After some experimenting I came up with the above circuit to power the flickering LED from the DCC track voltage. Diode D1 convert s the DCC AC current to DC current. C1 acts as a filter capacitor and removes the ripple from the incoming DC. R1 drops the incoming voltage down to around 3 volts, the voltage level needed for the flickering LED. The flickering LED has a built-in current limiting resistor and if the rectified voltage from the track were about 3 volts instead of 14 volts we would not need R1.
Model Train Sets on Amazon
This is on my wish list, how cool is it that the slot car set is integrated with the model railroad. Imagine the excitement of trying to outrun the train with your slot car!
I own this set, it was the first set I owed as an adult.
Removing the flickering LED from the flameless candle
The first step is to remove the flickering LED from the flameless candle base. First make a note of which lead of the flickering LED is connected to the positive side of the battery and mark a small plus sign next to the lead indicating polarity. Unlike incandescent bulbs, LEDs are polarity sensitive and will only light when the polarity is in the right direction. De-solder both leads of the flickering LED form the flameless candle base.
Removing the incandescent bulb from the switchman’s house
The next step is to remove the incandescent bulb from the switchman’s house, de-solder the wires from the base and shank of the bulb. Remove the bulb from the rectangular holder.
Installing the flickering LED
The next step is to install the flickering LED in the rectangular and holder then solder a wire to each lead, trim the leads and apply a small dab of hot glue to hold the flickering LED in place.
Install the flickering LED assembly in the switchman’s house
Install the flickering LED assembly in the switchman’s house by placing the rectangular holder in the notches built on the inside of the switchman’s house.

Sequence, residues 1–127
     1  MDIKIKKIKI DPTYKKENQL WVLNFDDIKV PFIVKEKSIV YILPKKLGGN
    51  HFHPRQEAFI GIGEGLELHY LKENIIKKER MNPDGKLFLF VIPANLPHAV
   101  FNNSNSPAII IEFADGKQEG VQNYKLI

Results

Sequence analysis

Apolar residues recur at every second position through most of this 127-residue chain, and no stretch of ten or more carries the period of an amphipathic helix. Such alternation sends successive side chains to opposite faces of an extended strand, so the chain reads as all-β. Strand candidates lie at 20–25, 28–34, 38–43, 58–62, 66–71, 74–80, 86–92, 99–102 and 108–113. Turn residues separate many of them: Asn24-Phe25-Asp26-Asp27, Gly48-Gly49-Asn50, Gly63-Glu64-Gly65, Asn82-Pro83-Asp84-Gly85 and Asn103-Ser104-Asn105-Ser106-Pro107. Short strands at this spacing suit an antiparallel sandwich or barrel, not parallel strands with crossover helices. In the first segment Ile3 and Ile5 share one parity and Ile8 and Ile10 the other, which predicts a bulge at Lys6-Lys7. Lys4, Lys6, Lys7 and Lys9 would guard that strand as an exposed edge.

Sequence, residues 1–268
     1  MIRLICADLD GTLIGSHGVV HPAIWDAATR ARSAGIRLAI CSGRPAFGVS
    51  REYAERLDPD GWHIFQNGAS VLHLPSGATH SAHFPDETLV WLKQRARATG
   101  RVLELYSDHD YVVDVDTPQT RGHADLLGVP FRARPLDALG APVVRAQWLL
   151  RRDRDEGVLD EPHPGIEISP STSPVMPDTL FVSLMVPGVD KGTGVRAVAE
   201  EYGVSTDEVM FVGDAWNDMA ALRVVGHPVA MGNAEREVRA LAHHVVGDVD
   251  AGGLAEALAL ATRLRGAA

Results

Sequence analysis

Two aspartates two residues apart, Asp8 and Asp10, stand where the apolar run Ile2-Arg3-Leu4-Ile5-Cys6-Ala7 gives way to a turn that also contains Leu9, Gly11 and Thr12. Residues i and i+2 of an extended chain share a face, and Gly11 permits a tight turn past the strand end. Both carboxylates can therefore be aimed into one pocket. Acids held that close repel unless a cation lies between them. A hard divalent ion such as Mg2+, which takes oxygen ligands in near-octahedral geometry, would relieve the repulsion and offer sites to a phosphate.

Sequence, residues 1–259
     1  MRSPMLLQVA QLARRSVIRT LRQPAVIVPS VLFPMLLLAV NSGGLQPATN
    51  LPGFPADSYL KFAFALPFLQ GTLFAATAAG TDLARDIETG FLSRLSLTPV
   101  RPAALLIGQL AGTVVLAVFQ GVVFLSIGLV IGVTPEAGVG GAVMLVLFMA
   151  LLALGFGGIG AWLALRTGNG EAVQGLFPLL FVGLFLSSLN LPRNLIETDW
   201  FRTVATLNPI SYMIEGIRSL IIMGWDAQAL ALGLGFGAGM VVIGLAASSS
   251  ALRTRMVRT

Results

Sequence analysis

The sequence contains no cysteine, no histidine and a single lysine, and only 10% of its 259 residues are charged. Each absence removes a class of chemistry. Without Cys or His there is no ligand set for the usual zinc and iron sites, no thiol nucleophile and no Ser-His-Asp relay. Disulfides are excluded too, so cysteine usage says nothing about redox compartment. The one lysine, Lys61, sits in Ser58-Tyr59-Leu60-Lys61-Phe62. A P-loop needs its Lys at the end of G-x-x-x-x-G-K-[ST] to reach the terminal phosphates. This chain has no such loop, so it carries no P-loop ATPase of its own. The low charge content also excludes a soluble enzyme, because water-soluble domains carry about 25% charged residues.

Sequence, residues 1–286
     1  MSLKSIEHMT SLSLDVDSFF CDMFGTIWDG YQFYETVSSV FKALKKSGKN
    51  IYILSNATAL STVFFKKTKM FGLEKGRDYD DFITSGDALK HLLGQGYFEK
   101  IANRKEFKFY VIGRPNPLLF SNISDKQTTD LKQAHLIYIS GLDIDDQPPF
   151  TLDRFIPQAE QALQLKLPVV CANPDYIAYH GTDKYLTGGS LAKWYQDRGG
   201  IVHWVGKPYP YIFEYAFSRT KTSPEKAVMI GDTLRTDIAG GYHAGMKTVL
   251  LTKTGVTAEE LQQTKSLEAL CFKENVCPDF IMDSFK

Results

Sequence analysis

Install the electronics in the base of the Operating Switchman
The next step is to install the electronics in the base of the Operating Switchman. Wire it per my schematic presented earlier and the physical layout presented in the above picture. Use a dab of hot glue in various places to keep all the electronics in place.Please Note: The positive lead of the electrolytic capacitor C1 must be attached between D1 and R1. Do not reverse the leads of the capacitor.Please Note: The positive lead of the flickering LED must be attached to resistor R1. Trace the wire back to the flickering LED and identify the wire that connects to the lead that has a plus sign next to it that you marked earlier. If the wires are reversed the flickering LED will not light.
I built this kit, this "Merchant's Row" kit is challenging but the final product is great!
This is on my Santa wish list!
Attach the train rails of the Operating Switchman to your layout. Replace the roof of the switchman’s house. Apply power from your DCC booster to the tracks of your layout. You should notice a warm flickering glow from the inside of the switchman’s house. This effect is even cooler when the lights are turn off.
Not seeing the warm flickering glow coming from the switchman's house? Check the following:-Verify that your DCC booster is applying power to the track. You can use a multimeter set to an AC range to test this. If you touch each rail with one of the leads of the multimeter it should read around 14 volts AC. If no voltage is present try removing the Operating Switchman rails from the layout then check voltage on your layout's rails again. It could be that you have introduced a short by incorrectly wiring the base of the Operating Switchman.-Verify the electronics wired in the base of the Operating Switchman based on my schematic.-Try reversing the wires to the flickering LED, you could have the polarity switched.
With a little ingenuity you too can take common household items, like the flickering candle, and create neat effects for you model railroad layout like the flickering light in the switchman’s house described in this Lens.